Background: The 7-item Generalized Anxiety Disorder Scale (GAD-7) is a practical self-report anxiety questionnaire that proved valid in primary care. However, the GAD-7 was not yet validated in the general population and thus far, normative data are not available.
Objectives: To investigate reliability, construct validity, and factorial validity of the GAD-7 in the general population and to generate normative data.
Research design: Nationally representative face-to-face household survey conducted in Germany between May 5 and June 8, 2006.
Subjects: Five thousand thirty subjects (53.6% female) with a mean age (SD) of 48.4 (18.0) years.
Measures: The survey questionnaire included the GAD-7, the 2-item depression module from the Patient Health Questionnaire (PHQ-2), the Rosenberg Self-Esteem Scale, and demographic characteristics.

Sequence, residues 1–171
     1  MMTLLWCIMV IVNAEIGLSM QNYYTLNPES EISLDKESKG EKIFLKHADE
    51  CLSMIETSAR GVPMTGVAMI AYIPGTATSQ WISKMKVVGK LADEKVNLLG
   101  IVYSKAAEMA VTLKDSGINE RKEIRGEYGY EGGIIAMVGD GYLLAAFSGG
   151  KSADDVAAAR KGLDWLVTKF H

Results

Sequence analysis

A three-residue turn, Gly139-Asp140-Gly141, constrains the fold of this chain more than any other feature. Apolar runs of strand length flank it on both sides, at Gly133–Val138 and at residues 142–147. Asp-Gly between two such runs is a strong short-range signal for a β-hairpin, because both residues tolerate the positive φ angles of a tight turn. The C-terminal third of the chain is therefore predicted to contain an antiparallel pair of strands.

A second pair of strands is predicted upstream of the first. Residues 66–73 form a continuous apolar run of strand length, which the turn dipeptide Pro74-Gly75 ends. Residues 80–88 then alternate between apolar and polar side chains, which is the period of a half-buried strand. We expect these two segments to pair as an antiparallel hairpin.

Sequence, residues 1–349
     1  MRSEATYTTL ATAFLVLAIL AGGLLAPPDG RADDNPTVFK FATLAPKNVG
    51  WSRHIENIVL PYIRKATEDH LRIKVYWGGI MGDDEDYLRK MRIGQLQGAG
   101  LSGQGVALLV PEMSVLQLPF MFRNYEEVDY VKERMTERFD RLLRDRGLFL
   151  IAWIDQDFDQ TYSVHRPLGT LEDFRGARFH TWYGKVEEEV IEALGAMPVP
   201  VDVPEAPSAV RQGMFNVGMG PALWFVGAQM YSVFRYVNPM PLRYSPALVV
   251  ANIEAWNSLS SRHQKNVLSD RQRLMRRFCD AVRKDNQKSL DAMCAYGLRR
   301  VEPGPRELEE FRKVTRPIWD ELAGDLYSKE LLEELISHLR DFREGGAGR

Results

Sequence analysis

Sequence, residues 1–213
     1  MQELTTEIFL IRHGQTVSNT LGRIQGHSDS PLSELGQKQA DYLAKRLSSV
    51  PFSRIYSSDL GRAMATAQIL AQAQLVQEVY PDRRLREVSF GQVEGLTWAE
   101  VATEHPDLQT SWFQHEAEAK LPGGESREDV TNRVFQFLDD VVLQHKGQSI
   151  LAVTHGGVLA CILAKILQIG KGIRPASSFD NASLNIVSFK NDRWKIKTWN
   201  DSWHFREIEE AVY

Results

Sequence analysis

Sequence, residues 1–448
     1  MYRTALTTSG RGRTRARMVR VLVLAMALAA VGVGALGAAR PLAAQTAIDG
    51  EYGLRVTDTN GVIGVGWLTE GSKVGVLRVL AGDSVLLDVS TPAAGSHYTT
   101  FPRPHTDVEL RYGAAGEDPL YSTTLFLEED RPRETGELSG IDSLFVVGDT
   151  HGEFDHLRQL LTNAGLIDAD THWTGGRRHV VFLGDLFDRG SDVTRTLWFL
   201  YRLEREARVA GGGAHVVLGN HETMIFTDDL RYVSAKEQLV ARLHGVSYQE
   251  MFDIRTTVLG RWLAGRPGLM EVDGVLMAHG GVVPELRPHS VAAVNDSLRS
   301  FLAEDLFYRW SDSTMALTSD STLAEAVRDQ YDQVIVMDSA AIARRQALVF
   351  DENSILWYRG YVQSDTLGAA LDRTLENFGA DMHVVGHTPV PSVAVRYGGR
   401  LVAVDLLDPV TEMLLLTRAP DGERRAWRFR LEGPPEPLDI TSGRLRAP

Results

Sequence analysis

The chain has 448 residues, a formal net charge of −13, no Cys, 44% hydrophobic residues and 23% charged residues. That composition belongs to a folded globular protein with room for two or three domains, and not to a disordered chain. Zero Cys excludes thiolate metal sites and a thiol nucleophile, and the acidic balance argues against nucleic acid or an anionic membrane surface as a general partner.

Results: Confirmatory factor analyses substantiated the 1-dimensional structure of the GAD-7 and its factorial invariance for gender and age. Internal consistency was identical across all subgroups (alpha = 0.89). Intercorrelations with the PHQ-2 and the Rosenberg Self-Esteem Scale were r = 0.64 (P < 0.001) and r = -0.43 (P < 0.001), respectively. As expected, women had significantly higher mean (SD) GAD-7 anxiety scores compared with men [3.2 (3.5) vs. 2.7 (3.2); P < 0.001]. Normative data for the GAD-7 were generated for both genders and different age levels. Approximately 5% of subjects had GAD-7 scores of 10 or greater, and 1% had GAD-7 scores of 15 or greater.
Conclusions: Evidence supports reliability and validity of the GAD-7 as a measure of anxiety in the general population. The normative data provided in this study can be used to compare a subject's GAD-7 score with those determined from a general population reference group.